Sometimes small changes can make a huge difference on your customized model horse projects. One often made change is to add a fresh new mane and tail. Past articles have been written about the how-to, but here we’re going to address the “why-to”. Hair can change more to a model than you might think, and it needs to reflect the personality of the horse. Before you even start to change the hair, try to reflect on the expression and mood you want your final work of art to reflect. What is the personality you would like your one-of-a-kind creation to have?
Long hair can look either romantic, or wild, or both. Having a extra-long forelock, laid flat and covering one eye, can lend a mystical, mysterious, mischievous, or even bashful look to a model, as if he is hiding something or even playing peek-a-boo. Be careful not to use this effect too often, and note that totally covering an eye can be off-putting to some people. To play it safe, only partially cover one eye, and leave a little bit of it showing, to appeal to the biggest group of collectors, if it is a model you plan on selling. If it’s a creation purely for your own enjoyment, do whatever you like!
Long hair that is windswept or flowing back adds excitement or drama. Be sure that the mane and tail, if windblown, are both going the same direction! If a horse is spinning, and creating its own breeze, try to plan ahead to make sure the flow is natural and accurate. References can help.
Don’t forget to maximize breed characteristics when sculpting hair. Some breeds, like Friesians and Morgans, often have horizontal waves or curl in their hair. Maximize this effect to help your model look even more like the breed it represents. Also be aware of styles used in various breeds. For example, Friesians do not have a bridle path cut into their manes at all, while Arabian horses in the show ring typically have exaggerated bridle paths, where up to one third of the mane at the top of the neck is shaved off completely.
Shown here are a few examples of models that were given dramatically different looks mainly through the use of newly sculpted manes and tails. On the “Ethereal” models, one has a heavy, windswept mane and tail.
With the addition of a bit more belly, a flipped ear, and a pinto paint job, he makes a fun Chincoteague Pony stallion! Tiny elegant braids and a subdued paint job on his brother transform him into a sophisticated Australian Sport Pony.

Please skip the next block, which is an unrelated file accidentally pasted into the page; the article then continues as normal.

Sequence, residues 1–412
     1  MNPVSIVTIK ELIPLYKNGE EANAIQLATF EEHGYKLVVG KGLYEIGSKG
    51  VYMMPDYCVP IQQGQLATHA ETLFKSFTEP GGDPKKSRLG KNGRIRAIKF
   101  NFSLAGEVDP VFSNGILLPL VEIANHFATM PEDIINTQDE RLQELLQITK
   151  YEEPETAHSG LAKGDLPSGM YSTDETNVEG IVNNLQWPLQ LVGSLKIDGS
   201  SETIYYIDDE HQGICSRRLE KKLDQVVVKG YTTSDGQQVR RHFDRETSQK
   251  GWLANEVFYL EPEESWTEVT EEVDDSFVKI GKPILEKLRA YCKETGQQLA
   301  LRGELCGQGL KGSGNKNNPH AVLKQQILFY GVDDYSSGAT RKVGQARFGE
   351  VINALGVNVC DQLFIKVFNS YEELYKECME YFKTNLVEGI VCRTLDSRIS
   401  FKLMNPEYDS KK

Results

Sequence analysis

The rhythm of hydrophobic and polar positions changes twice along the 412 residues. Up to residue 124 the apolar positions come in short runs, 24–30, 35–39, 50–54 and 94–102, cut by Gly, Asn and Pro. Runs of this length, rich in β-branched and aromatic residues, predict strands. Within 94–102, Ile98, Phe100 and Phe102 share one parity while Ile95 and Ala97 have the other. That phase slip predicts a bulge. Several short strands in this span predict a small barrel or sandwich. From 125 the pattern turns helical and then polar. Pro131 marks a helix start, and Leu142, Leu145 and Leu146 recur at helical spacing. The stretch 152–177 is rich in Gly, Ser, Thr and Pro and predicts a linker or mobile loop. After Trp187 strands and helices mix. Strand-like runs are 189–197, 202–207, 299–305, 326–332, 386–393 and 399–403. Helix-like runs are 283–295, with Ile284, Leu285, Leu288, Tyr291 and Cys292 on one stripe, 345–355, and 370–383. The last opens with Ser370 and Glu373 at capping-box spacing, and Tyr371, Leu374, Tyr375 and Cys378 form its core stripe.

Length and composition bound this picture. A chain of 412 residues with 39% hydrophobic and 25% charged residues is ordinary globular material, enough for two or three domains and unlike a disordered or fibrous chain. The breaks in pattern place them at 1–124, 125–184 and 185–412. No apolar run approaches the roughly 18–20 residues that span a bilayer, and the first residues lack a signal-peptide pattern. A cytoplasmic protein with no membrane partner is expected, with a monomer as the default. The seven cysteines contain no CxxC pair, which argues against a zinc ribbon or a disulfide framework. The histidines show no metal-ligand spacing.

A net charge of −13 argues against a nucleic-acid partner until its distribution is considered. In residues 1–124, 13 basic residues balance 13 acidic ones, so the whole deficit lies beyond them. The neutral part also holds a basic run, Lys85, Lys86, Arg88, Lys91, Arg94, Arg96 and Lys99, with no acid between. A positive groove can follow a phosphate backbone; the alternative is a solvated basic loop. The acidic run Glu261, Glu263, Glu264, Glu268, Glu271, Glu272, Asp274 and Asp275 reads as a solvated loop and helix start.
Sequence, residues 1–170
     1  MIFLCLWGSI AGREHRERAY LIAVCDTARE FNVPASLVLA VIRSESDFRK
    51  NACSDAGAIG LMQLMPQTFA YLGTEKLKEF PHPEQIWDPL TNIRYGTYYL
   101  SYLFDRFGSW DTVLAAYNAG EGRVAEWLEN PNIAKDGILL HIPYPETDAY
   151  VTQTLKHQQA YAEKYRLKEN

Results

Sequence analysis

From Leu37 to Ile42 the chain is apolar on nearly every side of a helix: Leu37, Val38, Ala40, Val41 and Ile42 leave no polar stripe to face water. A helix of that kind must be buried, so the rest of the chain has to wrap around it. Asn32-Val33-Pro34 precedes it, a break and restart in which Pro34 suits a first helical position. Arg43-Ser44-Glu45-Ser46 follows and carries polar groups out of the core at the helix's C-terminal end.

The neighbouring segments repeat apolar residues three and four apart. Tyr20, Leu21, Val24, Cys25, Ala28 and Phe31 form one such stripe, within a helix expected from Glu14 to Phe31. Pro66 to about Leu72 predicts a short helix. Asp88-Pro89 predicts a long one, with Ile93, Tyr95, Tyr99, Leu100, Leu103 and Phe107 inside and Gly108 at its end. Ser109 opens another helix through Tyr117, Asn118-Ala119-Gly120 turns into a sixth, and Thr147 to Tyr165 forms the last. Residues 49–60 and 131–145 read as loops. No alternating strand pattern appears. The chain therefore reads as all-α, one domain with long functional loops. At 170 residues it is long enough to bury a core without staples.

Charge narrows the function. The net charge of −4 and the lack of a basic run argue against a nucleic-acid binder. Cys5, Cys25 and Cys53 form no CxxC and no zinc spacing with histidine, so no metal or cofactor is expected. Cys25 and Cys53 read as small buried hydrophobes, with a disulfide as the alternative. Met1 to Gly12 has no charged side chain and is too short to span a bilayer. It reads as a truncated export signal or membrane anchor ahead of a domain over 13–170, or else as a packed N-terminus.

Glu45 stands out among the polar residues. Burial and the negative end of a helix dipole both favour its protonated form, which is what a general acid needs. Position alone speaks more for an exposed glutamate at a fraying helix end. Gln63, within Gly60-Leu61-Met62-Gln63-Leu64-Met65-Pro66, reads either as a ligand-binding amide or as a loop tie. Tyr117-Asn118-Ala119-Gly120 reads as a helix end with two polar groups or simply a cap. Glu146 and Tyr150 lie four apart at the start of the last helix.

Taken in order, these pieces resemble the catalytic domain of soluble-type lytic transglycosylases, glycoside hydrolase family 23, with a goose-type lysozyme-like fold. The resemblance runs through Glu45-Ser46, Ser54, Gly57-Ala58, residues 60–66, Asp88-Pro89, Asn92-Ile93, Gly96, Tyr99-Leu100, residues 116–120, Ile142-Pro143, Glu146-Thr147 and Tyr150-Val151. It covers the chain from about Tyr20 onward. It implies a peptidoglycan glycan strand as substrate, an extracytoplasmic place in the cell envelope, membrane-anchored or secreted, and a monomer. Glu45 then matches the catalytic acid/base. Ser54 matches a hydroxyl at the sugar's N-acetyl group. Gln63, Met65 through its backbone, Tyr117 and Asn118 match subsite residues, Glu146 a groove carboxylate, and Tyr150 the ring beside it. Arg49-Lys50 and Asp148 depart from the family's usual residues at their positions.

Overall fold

Despite the big differences in the finished models, most of this is an optical illusion created just by changing the hair.
On the “Alborozo” model, the first example shows a wild chestnut overo Spanish Mustang stallion. Body changes were minor, and include ears turned back, and a slight tweak to the head. Other than that, all the drama and excitement were created with paint and a thick mane flying in an imaginary wind.
Let’s see what happens when we rein in that attitude! On my second custom Alborozo, the most difficult part comes first - removing all that mane that is laid flat to the neck.
This required a couple of hours with a Dremel motor tool. After that, a lot of sculpting was needed to try and match the muscle detail that was lost.
This is a pretty challenging model to work with because of this, a much simpler path would be to use any number of molds that have the mane off the neck completely. Remember when adding new epoxy, first rough up the plastic with sandpaper, and make sure you clean the dust off with soap and water, before trying to stick the epoxy clay onto the neck. It’s critical that the epoxy has a rough, clean surface to stick to.
Pulling out my references, I decide to go with a fun French Braid on this fellow, for an elegant Baroque look. I start by mixing up a bit of epoxy, and only sculpt the top portion of the mane. I let this first part dry completely before moving on. Next, I make a snake of epoxy that is slightly thinner at one end.
Looking carefully at the references as I go, I shape it into a braid to resemble the photographs.
For the tail, I cut off one “chunk” of tail that seemed to be blowing wildly out of place, and sanded down the excess. I reworked a thin layer on top to form a smooth, tame and well-groomed tail worthy of a Dressage ring.
Whatever the mood you’d like to create, here are some hints. Most important, have an idea of the feeling or expression you’d like, and try to visualize or even sketch out the mane and tail you’d like before you ever mix up your epoxy. Once you have style figured out, remember that you can use layers to build an underlying framework by cutting off lengths of wire and adding epoxy to this support.
Be aware of the breed you’d like to represent, and keep it correct. Braids or banded show manes should be neat and tidy, and in correct scale. If you’re sculpting long manes and tails, take into consideration performance elements, like saddles or breast collars.
Now you’re ready to give it a try! Have fun and be creative, and go give that custom model horse a salon-worthy new style!